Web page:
2019 The Leaving of Vanuatu
The Leaving of Vanuatu
The leaving took the form of two lovely evenings in company, the first three photos show the view from the Banyan Beach Bar as the sun set. We hadn’t been there before and this visit was to help young Meg celebrate her 50th Birthday. She and her husband had motored through the entire visiting yacht fleet and asked everybody to join them at 4.00pm for Happy Hour sundowners. What they thought would take an hour to do, keep them busy for nearly three hours of clinging onto boat hulls chatting to the fellow yachties.
We sat on comfy settees watching the tenders that were tied to the banyan tree branches bob up and down while we sipped our cocktails and passed the evening with chat and tales of our similar lives.
Rob’s back went into spasm later that evening as he winched the dinghy up, so we had a quiet day on board the next day with him taking the max dose of Ibufrin to reduce and limit the swelling and Paracetamol and Codeine to deal with the pain.
He managed to limp ashore the next day, ‘carefully’, as we had a pre-planned meeting for a coffee with Steph of the Sharm Foundation, remember we handed over the school clothes a while ago and Rod her husband to say ‘Goodbye’ and present another bag of school stationary that I had found in the top of my wardrobe. Wonderful, even more space for me to fill! The re-opening of the Manua School, where the latest Foundation project was nearing completion, had sadly for us been put back again to the first week of September, so we would miss it.
They are both concerned about the future of Vanuatu’s youngsters. There is a high birth rate of which a big proportion are babies born to single mothers, and 45% of the population is under 15 years of age. What to do with all the young lads that are leaving school with no job prospects? Rod understandably foresees social issues such as gangs and a continual erosion of social stability.
Steph set up a project to provide young men with chain saws and the necessary training on how to use them so they could saw fallen trees into marketable lengths of wood, but then the chief of the village put a stop to the idea for a variety of ‘reasons’. Many of the supplies sent to schools ‘disappear’ and rather than share any excess of commodities schools will stockpile them.
Many chiefs are now very wealthy from selling, for example, land rights, business licences etc and there are many instances of financial aid not getting to its intended destination. When we were travelling around we rarely met any chiefs, they were always “Away” of “Not here at the moment”. Sometimes if they are old or ill they move in to town to be near, for example, health facilities. Others are so wealthy they live in apartments on the Gold Coast of Australia leaving their village way of life open to abuse from lack of authority.
A worrying prospect for the future of this beautiful country, especially when the government is more interested in accepting massive infusions of money from foreign countries like China; thus creating a destructive dependency from which they cannot possibly recover without giving away the very essence of the country and what its natives stand for.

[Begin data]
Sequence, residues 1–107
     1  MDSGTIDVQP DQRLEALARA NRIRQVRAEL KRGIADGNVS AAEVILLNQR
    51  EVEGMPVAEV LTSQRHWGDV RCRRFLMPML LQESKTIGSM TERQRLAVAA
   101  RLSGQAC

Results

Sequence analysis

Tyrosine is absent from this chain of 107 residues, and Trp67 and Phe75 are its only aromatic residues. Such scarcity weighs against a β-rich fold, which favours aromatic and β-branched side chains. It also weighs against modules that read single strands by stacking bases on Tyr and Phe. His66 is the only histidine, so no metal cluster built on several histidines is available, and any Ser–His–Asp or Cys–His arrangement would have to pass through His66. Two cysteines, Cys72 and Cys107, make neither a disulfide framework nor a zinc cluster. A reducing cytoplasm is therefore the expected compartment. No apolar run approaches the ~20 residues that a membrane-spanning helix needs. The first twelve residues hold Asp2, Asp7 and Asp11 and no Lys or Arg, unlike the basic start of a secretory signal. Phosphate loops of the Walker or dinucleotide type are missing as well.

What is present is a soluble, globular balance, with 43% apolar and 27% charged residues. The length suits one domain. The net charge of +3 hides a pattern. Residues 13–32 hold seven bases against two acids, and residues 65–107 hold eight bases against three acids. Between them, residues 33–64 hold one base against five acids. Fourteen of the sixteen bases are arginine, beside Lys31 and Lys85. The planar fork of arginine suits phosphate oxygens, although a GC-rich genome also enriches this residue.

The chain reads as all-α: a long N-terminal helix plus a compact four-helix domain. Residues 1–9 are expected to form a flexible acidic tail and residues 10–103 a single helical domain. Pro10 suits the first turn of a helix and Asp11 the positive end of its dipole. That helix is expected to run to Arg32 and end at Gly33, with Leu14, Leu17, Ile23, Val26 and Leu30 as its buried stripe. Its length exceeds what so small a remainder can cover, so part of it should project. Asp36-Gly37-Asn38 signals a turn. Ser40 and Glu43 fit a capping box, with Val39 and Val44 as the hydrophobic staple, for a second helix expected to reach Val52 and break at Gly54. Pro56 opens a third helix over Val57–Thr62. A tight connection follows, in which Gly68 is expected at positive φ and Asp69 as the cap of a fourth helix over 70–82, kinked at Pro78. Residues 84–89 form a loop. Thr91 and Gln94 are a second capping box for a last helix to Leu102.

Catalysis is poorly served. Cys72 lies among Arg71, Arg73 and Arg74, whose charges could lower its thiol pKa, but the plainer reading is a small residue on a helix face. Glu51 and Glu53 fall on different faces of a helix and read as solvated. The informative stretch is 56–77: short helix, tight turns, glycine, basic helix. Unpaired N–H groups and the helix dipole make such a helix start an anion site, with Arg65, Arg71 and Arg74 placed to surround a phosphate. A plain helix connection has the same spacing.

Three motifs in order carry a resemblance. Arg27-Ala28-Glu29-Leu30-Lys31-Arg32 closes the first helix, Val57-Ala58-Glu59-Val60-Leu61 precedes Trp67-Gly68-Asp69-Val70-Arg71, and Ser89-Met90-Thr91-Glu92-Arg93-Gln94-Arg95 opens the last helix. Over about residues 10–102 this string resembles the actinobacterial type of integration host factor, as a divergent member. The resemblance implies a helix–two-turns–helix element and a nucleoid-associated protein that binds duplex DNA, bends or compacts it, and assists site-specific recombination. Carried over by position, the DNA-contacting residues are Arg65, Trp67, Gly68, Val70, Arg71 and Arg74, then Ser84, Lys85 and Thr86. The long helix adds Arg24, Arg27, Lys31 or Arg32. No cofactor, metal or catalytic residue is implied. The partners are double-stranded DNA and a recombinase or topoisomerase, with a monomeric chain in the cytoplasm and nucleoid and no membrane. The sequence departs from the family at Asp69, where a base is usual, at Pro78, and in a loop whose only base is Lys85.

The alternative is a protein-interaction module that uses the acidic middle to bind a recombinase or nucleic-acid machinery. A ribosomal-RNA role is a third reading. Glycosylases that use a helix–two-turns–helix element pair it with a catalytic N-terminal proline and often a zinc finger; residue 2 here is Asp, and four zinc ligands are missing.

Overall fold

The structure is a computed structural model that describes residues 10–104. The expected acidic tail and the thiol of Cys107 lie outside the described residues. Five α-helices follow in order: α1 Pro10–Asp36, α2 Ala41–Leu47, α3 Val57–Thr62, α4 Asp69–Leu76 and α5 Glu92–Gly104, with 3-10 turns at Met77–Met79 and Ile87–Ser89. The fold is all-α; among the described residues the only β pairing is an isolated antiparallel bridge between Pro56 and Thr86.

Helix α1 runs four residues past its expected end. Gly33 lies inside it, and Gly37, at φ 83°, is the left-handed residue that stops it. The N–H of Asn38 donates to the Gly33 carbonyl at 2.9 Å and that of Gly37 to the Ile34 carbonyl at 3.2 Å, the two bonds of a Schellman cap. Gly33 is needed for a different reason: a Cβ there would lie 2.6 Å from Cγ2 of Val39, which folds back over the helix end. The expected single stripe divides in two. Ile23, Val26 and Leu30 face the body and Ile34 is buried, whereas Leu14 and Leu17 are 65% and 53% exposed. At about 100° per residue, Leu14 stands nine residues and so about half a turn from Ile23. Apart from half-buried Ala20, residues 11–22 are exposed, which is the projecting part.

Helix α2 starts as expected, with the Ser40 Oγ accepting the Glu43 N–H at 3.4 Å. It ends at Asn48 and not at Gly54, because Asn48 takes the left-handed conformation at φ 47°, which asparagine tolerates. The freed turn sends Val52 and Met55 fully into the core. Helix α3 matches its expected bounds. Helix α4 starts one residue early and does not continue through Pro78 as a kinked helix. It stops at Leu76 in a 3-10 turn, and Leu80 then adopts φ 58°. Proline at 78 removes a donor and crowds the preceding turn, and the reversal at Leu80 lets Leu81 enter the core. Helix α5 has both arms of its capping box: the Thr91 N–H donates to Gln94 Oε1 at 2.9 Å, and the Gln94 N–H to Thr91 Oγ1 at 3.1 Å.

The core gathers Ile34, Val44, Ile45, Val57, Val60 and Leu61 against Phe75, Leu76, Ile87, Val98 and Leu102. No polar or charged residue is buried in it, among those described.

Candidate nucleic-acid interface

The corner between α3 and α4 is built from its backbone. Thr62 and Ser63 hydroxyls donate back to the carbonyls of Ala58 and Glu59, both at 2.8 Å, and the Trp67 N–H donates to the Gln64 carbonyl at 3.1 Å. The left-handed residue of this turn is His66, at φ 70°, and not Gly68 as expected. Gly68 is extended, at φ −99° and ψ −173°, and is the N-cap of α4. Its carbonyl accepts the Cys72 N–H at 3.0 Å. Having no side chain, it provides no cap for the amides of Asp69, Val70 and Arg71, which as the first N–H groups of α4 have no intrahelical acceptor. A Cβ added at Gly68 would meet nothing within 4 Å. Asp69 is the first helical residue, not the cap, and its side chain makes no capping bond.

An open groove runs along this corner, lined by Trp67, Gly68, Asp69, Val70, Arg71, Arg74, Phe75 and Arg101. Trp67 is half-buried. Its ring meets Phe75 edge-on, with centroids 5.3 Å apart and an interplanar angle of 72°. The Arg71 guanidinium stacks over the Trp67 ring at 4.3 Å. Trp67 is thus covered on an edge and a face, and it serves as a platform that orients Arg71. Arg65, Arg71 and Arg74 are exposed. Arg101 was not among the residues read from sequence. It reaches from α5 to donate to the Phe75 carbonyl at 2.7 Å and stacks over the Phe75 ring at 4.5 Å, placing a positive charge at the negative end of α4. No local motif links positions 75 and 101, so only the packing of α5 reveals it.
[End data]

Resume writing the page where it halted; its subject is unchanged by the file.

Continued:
The next day we victualled up at the Bon Marche and spent the evening with Mark and Jill at the Village Café, a favourite spot of cruisers not least because it is such a pretty place with beautiful foliage covered with flowers. They have a delightful and unique gift for their customers which takes place on Wednesdays. Buy a Mojito cocktail at 3.00pm it will cost 300vu, at 4.00pm it will cost 400vu and so on until happy ‘hour’ is over at 6.00pm. So we booked a table for 5.00pm.
I remember the food was good but what sticks in my memory was the dessert; how to make a delicious dessert with virtually no preparation. On an oblong white dish a tiny cup of expresso at one end, a goblet of home-made vanilla ice-cream in the middle and a little glass of hazelnut liqueur at the other end. A few sprigs of mint and you have instant sophistication. Nice and easy to make ‘seconds’ too and limitless potential for alternatives!
I became tour guide the next day, showing Rob around Erakor Island by way of a farewell and to make up for his missing out because of his back, which was responding to the drugs slowly.
Then it was time to clear out and in the process we met a New Zealand couple, Rob and Carolyn who are bringing their brand new French built catamaran, Gallivanta, home from Perth to where she was delivered by ship. They have not yet decided whether they will go directly home to NZ or spend some time in Australia first.
Carolyn recommended we spend a night in Mele Bay, just around the corner from Port Vila to give us a nice direct run out to the open sea instead of being concerned about the depth of water over the reef near our mooring.
Once safely anchored in the little bay, in a brisk wind, we had coffee with them and then went back aboard the brand new and sparkling Gallivanta for sundowners. Along with another couple we all decided on a ‘Ken’ start at around 6.00am the next morning, but it would be after a roly and disturbed night as the swell made its presence felt among the moored yachts.
Rob and I like a mid-way break between the buzz of islands life to getting our mindset ready for the solitude of the open sea and we were grateful to Carolyn for her suggestion.
To add to our friendly human departure we had one of a cetacean kind the next morning as we lost the sight of Port Vila behind its protective headland. Coincidentally Rob and I were looking at exactly the same spot in the water when a young humpback did a full body breach just a few metres away from Zoonie. Wonderful, although I did wonder if there were more with the same intentions nearer to us or even directly underneath!